Some think that species with extreme sex differences become more vulnerable to extinction because extravagant male displays require lots of resources and make it harder to evade predators. The counterargument is that because it is harder for such males to survive, only those with the best genes get to pass them on and that sexual selection can therefore speed up adaptation and make species more resilient.
So who’s right? It’s a tricky question to answer by looking at living species, because they obviously haven’t gone extinct. So Gene Hunt and colleagues at the Smithsonian Institution turned to the fossil record. They looked at 93 species of tiny crustaceans called ostracods, or seed shrimp, that lived between about 84 million and 66 million years ago.
The males in this family of ostracods have larger, more elongated shells than the females because of their bigger genitals (a trait still present in living relatives of the extinct species). So the team could determine which species invested the most in male sexual displays by comparing the size and shape of male and female shells.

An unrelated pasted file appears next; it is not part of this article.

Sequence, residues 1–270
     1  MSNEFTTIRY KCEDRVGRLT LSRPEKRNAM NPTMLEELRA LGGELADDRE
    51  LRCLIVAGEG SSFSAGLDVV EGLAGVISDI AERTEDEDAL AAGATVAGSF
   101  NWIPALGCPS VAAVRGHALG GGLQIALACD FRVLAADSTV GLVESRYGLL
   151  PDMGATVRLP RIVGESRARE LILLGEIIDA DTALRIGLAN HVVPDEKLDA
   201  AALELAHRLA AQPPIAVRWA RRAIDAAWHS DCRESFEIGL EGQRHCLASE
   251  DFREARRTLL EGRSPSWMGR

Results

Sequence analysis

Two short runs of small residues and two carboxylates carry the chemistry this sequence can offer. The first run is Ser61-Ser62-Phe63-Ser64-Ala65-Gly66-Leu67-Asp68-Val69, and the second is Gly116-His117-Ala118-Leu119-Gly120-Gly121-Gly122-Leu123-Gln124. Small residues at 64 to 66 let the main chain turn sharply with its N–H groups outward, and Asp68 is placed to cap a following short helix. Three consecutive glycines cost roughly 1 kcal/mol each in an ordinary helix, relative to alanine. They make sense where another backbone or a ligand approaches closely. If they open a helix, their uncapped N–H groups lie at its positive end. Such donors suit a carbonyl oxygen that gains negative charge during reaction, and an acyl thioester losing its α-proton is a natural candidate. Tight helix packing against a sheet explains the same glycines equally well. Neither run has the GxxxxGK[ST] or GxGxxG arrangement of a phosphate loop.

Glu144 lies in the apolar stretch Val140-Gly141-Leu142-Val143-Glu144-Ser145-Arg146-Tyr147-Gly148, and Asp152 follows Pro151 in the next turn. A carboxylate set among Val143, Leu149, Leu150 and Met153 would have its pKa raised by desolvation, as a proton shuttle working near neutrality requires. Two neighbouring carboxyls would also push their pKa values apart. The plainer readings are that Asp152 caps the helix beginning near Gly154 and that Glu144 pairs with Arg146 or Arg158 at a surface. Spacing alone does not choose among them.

The species with the biggest differences between the sexes were found to have tenfold higher extinction rates than those with the least. This suggests that large genitals may be useful for attracting females and pumping out more sperm in the short term but that they take resources away from other functions needed for long-term survival, Hunt says.
This fits with studies of several other animals. For example, a survey of North American birds found that species with brightly colored males had 23 percent higher rates of local extinction than those with duller males.
The findings may have implications for conservation efforts. Species with flashier males may be more vulnerable to climate change and habitat destruction, Hunt says.